Architects: Studio G+S Architects
Project: Cow Hollow penthouse
Interior Design: Lindsay Gerber Interiors
Location: San Francisco, California, United States
Photographer: John Hayes Photography
We designed this Cow Hollow penthouse with the purpose of “seeing rather than being seen.” As part of a larger remodel project, we designed a new, modern penthouse that sits discreetly above an existing 1930s Mediterranean-inspired structure.
We tucked the new penthouse out of site from pedestrians at street level. As part of the Cow Hollow Historic district, there are stringent requirements limiting the height and massing of upper story additions. To comply with both the letter and the spirit of these requirements, the existing roof line hides a front deck. This deck has gorgeous views of the Palace of Fine Arts and San Francisco Bay. The roof itself creates the railing along the street edge. Glass partitions screen out the wind while allowing unimpeded views.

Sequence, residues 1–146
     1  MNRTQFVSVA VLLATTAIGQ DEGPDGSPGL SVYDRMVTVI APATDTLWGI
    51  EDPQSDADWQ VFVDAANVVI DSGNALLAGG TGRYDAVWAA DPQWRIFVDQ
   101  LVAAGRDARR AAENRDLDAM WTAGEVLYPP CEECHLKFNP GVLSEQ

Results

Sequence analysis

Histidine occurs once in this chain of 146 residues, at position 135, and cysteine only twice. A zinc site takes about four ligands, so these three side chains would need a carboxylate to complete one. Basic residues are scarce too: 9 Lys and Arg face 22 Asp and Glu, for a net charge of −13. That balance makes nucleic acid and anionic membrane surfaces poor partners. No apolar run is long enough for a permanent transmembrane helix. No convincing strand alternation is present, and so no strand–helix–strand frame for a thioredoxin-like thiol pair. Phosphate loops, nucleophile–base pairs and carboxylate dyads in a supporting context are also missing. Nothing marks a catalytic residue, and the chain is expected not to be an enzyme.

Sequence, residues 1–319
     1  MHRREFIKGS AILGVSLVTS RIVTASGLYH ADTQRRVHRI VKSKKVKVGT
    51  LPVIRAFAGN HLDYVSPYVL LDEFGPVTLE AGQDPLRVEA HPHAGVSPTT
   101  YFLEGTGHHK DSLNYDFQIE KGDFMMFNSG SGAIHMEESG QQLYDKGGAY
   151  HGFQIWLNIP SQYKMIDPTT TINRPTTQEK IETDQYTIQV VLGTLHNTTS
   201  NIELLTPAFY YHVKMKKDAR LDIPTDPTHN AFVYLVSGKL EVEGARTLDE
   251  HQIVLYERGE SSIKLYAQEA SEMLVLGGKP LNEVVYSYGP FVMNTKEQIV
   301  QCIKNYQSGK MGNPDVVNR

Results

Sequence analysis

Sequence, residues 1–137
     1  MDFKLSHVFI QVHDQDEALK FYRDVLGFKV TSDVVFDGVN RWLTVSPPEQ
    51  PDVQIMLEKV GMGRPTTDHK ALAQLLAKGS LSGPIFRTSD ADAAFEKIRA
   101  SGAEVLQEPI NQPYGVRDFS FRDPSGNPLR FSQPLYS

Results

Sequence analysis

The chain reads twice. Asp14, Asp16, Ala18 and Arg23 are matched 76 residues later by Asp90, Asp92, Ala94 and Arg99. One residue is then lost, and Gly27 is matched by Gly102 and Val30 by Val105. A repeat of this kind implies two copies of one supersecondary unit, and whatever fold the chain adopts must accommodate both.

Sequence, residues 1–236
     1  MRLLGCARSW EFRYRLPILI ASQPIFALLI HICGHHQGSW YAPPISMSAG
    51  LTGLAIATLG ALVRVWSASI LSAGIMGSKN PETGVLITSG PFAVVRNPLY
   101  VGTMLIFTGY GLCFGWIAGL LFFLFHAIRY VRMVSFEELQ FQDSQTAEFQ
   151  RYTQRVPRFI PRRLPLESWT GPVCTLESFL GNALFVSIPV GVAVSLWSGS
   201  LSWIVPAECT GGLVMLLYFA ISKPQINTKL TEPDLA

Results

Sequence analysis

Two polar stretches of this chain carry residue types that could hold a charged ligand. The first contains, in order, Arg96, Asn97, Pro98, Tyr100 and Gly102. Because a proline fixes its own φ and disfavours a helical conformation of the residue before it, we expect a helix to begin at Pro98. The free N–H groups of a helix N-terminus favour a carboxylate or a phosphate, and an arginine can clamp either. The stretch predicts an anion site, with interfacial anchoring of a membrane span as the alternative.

We kept the penthouse roof design flat to fit beneath the required height limits. Working with these constraints led to the project’s most striking feature: the retractable roof/skylight. When combined with the folding door systems, the roof, and front and rear walls all open up to a grand view and sky. When all these elements are open, the indoor-outdoor effect is dramatic and spacious. The front and rear penthouse walls open onto decks.
The front deck is designed as an intimately sized outdoor dining room. Conveniently, it provides easy access to a wet bar located at the top of the stairs. Our client wanted to entertain a dinner party in this space, and so we planned around a large dining table to seat 10-12 people. Additionally, a built in bench and outdoor lighting enhance the character of the space.
The rear deck is larger and has spaces for grilling, for sitting by the fire, and for entertaining a large group. Raised planting beds were added for rooftop gardening.
In addition, we modified the front facade of the building to accommodate a modern garage door. We redesigned the entry stairs to be seen from the street.